Mummified baby woolly mammoth found by Canadian gold miners

'Beautiful' calf which still had its skin and hair was named Nun cho ga, meaning 'big baby animal'

An almost complete baby woolly mammoth, given the name Nun cho ga, was found in Eureka Creek, near Dawson City, Yukon, Canada. AFP
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The almost complete mummified remains of a baby woolly mammoth have been found by miners in the gold fields of Canada's far north.

The calf was named Nun cho ga — meaning “big baby animal” — by members of the local Tr'ondek Hwech'in First Nation.

Paleontologist Grant Zazula said the mammoth, its skin and hair intact, “is beautiful and one of the most incredible mummified ice age animals ever discovered in the world”.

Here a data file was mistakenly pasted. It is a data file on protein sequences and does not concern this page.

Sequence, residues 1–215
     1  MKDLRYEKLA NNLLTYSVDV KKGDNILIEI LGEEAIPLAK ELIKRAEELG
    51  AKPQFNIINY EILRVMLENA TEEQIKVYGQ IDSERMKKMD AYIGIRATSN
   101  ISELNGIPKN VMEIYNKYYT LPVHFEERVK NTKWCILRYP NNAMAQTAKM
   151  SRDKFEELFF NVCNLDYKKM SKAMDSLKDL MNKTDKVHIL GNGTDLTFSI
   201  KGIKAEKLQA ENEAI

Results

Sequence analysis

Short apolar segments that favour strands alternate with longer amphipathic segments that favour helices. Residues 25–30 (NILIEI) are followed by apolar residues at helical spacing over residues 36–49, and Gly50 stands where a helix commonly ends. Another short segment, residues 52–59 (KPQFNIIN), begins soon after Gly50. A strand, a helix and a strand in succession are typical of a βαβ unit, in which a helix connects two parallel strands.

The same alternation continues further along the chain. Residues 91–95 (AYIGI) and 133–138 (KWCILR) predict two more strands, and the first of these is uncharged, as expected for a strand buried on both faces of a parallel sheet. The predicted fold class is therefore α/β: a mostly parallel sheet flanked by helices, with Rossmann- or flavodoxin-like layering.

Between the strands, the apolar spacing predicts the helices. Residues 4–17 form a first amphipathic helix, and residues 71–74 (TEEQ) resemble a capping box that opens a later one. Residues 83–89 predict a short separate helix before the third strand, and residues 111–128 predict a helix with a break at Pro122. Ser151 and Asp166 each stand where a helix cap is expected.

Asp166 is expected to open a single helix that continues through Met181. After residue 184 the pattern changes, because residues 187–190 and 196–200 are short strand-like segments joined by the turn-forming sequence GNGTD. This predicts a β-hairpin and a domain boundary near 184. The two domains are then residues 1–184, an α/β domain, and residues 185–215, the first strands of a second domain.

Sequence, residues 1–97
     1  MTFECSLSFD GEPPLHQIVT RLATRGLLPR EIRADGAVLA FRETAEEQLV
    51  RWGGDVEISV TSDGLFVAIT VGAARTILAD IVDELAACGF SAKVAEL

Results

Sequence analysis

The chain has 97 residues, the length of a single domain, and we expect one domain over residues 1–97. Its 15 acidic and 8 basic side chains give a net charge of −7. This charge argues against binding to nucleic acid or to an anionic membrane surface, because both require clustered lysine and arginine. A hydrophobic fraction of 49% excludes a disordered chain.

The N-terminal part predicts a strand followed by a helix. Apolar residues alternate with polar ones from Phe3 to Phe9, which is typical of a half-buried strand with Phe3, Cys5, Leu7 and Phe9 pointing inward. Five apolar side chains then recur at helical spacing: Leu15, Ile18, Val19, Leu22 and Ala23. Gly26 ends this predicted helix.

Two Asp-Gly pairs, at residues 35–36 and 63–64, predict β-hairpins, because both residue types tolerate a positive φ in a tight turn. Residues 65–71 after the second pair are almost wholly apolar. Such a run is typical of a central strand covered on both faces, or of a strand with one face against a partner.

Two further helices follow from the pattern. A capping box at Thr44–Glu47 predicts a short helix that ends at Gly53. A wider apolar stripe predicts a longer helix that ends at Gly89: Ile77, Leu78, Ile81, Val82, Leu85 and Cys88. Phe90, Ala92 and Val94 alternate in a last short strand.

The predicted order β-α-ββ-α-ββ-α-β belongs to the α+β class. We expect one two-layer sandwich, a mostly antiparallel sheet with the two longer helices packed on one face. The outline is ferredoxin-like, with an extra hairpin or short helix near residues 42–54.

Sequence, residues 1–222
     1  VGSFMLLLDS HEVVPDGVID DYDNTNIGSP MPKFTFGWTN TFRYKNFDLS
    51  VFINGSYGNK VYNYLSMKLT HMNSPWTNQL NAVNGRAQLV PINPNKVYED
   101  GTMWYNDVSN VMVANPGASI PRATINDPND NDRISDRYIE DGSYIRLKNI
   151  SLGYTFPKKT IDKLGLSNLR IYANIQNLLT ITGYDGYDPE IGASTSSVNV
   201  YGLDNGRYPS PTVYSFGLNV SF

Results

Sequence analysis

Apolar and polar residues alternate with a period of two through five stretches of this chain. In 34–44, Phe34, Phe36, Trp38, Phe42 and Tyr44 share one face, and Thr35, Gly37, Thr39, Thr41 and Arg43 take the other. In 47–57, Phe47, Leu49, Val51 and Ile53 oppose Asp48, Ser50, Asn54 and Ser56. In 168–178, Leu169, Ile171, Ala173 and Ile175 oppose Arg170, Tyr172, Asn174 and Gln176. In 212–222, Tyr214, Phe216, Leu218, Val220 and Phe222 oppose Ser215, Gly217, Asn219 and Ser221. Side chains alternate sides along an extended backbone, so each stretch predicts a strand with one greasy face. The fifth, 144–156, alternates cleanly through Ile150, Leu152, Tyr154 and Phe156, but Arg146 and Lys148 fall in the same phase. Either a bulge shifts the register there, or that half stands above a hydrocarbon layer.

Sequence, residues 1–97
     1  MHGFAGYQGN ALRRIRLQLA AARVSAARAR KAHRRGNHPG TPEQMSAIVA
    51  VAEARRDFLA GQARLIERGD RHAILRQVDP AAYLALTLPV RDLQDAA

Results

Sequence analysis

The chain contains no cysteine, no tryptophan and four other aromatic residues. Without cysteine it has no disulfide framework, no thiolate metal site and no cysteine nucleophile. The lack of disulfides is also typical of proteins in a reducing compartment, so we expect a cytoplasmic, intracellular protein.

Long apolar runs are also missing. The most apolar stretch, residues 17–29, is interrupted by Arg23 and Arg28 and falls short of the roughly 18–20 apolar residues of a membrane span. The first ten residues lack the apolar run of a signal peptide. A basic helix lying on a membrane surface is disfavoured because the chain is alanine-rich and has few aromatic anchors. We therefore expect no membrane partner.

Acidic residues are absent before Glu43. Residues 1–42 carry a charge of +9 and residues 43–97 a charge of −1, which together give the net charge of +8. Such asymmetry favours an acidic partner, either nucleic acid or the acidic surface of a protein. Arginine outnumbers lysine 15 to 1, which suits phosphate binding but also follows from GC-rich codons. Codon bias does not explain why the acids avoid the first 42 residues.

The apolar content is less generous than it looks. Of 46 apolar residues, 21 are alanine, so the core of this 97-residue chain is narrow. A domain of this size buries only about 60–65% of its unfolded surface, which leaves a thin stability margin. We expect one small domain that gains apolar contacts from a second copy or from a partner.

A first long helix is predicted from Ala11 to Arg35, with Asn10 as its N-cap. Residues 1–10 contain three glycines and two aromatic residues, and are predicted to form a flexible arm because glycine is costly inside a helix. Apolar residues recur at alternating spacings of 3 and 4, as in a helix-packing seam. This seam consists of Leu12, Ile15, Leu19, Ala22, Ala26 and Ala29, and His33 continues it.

“I am excited to get to know her more,” he said in a statement.

The mammoth's remains were discovered in the Klondike gold fields during excavation through permafrost south of Dawson City in Canada's Yukon territory, which borders the US state of Alaska.

The animal is believed to be female and would have died during the ice age, more than 30,000 years ago, when woolly mammoths roamed the region alongside wild horses, cave lions and giant steppe bison.

The discovery marks the first near complete and best-preserved mummified woolly mammoth found in North America.

A partial mammoth calf, named Effie, was found in 1948 at a gold mine in Alaska's interior.

A 42,000-year-old mummified infant woolly mammoth, known as Lyuba, was discovered in Siberia in 2007. Lyuba and Nun cho ga are roughly the same size, according to the Yukon government.

It said Yukon has “a world-renowned fossil record of Ice Age animals, but mummified remains with skin and hair are rarely unearthed”.

Updated: June 26, 2022, 7:13 AM